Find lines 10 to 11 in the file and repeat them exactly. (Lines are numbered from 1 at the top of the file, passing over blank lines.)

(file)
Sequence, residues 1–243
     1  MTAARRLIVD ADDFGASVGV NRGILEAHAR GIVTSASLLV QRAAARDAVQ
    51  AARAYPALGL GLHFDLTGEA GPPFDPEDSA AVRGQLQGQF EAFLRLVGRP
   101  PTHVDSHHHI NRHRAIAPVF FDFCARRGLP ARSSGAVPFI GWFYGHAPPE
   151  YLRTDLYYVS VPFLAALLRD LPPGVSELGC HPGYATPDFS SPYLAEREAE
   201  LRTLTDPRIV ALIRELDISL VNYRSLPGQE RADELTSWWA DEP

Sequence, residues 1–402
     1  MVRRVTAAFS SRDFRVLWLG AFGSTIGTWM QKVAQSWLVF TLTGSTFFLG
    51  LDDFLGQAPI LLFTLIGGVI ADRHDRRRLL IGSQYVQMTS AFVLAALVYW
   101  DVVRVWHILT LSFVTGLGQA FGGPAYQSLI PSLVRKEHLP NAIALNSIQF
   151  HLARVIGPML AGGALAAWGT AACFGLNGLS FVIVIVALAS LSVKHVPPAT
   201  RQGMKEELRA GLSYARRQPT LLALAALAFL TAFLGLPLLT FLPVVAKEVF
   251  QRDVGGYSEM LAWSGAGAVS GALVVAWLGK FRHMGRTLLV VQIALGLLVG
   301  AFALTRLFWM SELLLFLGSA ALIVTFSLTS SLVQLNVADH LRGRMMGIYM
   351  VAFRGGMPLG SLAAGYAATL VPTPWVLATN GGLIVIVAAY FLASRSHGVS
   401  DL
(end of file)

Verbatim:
   101  DVVRVWHILT LSFVTGLGQA FGGPAYQSLI PSLVRKEHLP NAIALNSIQF
   151  HLARVIGPML AGGALAAWGT AACFGLNGLS FVIVIVALAS LSVKHVPPAT